“Manufacturing is the backbone of the innovation economy, giving creatives + technologists the tools to commercialize their ideas and create new startups that fuel job growth in our NY metropolitan region and across the country. We applaud Senator Kirsten Gillibrand’s continued support of domestic manufacturing, and look forward to working with everyone in this region to create an inclusive consortium and apply for the designation provided in this great new bill. Since the Great Recession, virtually all small creative & manufacturing businesses in New York City have had the same challenges- access to affordable industrial space with long term leases, relocation grants for those who are displaced, affordable housing within a reasonable commuting distance, low interest working capital & lines of credit to grow our small businesses, and competitive equipment procurement and training programs so that we can adapt to a rapidly changing global landscape,” Bland said.

“I have been witnessing and supporting Brooklyn’s capacity to serve as a major manufacturing hub, especially when it comes to preserving New York’s waterfront for industrial use. Keeping our production at home provides quality employment opportunities for our neighbors and stimulates our economy. Senator Gillibrand understands the value in promoting local industries and I am so pleased to have her on our team. I will continue to support her efforts to push this legislation forward from both Brooklyn and Albany,” said New York state senator Velmanette Montgomery.

“I applaud U.S. Senator Gillibrand for her leadership in strengthening our manufacturing neighborhoods across the country. Here in Brooklyn, we are feeling the pressure to convert industrial spaces to residential properties. We need this legislation to strengthen our industrial zones against the forces of residential conversion. Our immigrant New Yorkers are ready to work in these manufacturing spaces - revitalizing an industry that, like immigrants, are part of the foundation and success of this city. In New York City, we will revitalize manufacturing and I truly believe that manufacturing can forever be a part of this city's economic landscape,” said Carlos Menchaca, city council member.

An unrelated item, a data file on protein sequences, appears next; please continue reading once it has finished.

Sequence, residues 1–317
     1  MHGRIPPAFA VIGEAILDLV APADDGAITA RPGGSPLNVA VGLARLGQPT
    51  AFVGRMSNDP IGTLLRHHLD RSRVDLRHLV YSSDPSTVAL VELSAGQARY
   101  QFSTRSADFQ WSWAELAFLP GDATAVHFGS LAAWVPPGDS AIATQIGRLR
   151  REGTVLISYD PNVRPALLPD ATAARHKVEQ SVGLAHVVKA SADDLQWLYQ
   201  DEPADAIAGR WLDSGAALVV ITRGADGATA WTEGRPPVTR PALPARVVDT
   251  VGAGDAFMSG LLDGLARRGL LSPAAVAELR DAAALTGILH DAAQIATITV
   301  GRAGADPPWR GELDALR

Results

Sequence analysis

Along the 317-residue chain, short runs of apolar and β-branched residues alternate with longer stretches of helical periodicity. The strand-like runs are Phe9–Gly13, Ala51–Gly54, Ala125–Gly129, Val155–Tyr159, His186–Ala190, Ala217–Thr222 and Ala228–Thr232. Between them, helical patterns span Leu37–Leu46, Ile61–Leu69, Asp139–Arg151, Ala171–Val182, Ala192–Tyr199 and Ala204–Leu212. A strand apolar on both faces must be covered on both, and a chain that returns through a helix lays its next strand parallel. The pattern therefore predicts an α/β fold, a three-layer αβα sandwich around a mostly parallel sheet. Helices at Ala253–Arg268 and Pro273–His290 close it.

Gillibrand's bill would help create apparel and textile manufacturing jobs in Brooklyn by creating a permanent program to competitively award regions with the "Manufacturing Community" designation. The designation would give those communities with preferred preferred consideration when applying up to 1.3 billion dollars in currently available federal economic development funding for manufacturing.

In order to earn the "Manufacturing Communities" designation, communities would demonstrate the significance of manufacturing in their region and deeply strategies to utilize their "Manufacturing Communities" designation in making investments in six areas: · Workforce training and retraining; · Advanced research; · Infrastructure and site development; · Supply chain support; · Promotion of exports and foreign direct investment; and · Operational improvement and capital access for manufacturers that supports energy or process efficiency, equipment or facility upgrades, or the development of business incubators, among other activities.

Senator Gillibrand’s bipartisan legislation is cosponsored by Senators Mark Kirk (R-IL), Jerry Moran (R-KS), Richard Blumenthal (D-CT), and Christopher A. Coons (D-DE), and a bipartisan House version was introduced by U.S. Representatives David Cicilline (D-RI), Richard Hanna (R-NY), Tom Reed (R-NY), Tim Ryan (D-OH), John Katko (R-NY), Cheri Bustos (D-IL), John Garamendi (D-CA), and Lloyd Doggett (D-TX).

photo via Senator Gillibrand's website